In 2020, the world discovered what Sam Bierman and Zach Snitzer have known for years: Isolation is a major contributor to addiction and mental-health issues.
The co-founders of Maryland Addiction Recovery Center (MARC), who have both walked in the shoes of the individuals they serve, say the challenges brought on by the pandemic only strengthened their resolve to help others achieve long-term, sustainable recovery.
“We burned our lives into the ground, met each other in recovery in South Florida, and realized we needed to do better than the typical 30-day treatment—that’s the short version of our origin story,” says Snitzer, corporate director of marketing at MARC.
“When people see that we’ve gone through the same thing and come through the other side, there’s that extra shot of hope,” adds Bierman, fellow co-founder and executive director at MARC.
In 2013, Snitzer and Bierman launched MARC as a long-term model of care that breaks through the most common barriers leading to relapse. They believe that short-term treatment isn’t a magic bullet, and that addiction is a chronic illness that requires long-term support.
While MARC’s extended-care program requires a 90-day minimum, most residents opt for a much longer stay.
“It’s similar to having roommates in any other apartment-style set-up, but with staff supervision,” Snitzer says. “A lot of people come in lacking life skills, so we show them how to clean, budget, cook, and become self-sufficient.”
While traditional treatment often occurs in a bubble with well-intended tools that crumble in the face of real-world stressors, MARC views addiction and mental health issues like a 10-spoke wheel—factoring in things like past trauma, unemployment, and family issues.
This long-term model allows participants to practice healthy coping mechanisms and to stumble while still being supported by the team at MARC. This holistic approach, which also includes intensive outpatient program- ming, was recently recognized in Newsweek’s “Best Addiction Centers of 2020” awards.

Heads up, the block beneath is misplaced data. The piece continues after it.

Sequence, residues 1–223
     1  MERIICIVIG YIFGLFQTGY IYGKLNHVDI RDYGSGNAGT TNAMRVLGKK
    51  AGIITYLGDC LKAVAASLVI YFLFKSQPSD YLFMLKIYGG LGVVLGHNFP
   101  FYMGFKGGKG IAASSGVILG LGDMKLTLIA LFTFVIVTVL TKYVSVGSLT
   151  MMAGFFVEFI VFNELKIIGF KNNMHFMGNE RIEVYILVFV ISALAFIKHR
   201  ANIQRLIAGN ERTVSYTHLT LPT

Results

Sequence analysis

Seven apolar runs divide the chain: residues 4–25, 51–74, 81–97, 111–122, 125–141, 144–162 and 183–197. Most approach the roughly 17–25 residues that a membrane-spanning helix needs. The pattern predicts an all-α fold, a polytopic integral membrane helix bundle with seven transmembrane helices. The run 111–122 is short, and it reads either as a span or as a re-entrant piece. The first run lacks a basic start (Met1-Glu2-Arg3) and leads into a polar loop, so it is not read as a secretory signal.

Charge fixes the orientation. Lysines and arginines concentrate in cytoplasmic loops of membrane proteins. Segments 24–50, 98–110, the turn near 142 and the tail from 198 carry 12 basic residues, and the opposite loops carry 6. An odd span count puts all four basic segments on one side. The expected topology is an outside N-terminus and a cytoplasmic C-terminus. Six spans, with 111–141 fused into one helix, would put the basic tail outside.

“It’s not just that we want you to stop using heroin. When you’re with us, you’re going to go five steps further so you’re set up to hit the ground running,” Bierman says. “That way, you’re not starting from scratch when you leave. You’re already thriving.”
MARC places an emphasis on family involvement in treatment: Their philosophy is that “the patient is the family and the family is the patient.”
Snitzer and Bierman share that the more the family understands addiction, the more they can help their loved one’s recovery.
“With their support, the outcomes are so much better,” Bierman says. As the need for treatment services skyrocketed this past year, both co-founders stepped up to the plate to help those who were struggling. In the early weeks of COVID-19, MARC pivoted to virtual services for patients in outpatient programs, while continuing to provide in-person services for patients in long-term extended care.
“Addiction and mental illness are unique for the fact that people wait until stage four to take action,” Bierman says. “If you have cancer, no doctor says, ‘Let’s wait till this progresses.’ But families often run into denial and shame, and then it turns into a crisis. There’s a lot of interventions we can put in place to make sure someone doesn’t hit rock bottom.”
Both Snitzer and Bierman are dedicated to showing MARC’s patients that addiction is far from hopeless, and that life can still be fun in recovery— pandemic or not.
“There’s a misconception that treatment doesn’t work. So many people don’t realize that addiction has better outcomes when treated appropriately than most other health conditions,” Snitzer says. “The right way to do that is a long-term, comprehensive model. Our patients are truly incredible. In recovery, they thrive and go above and beyond what many people do.”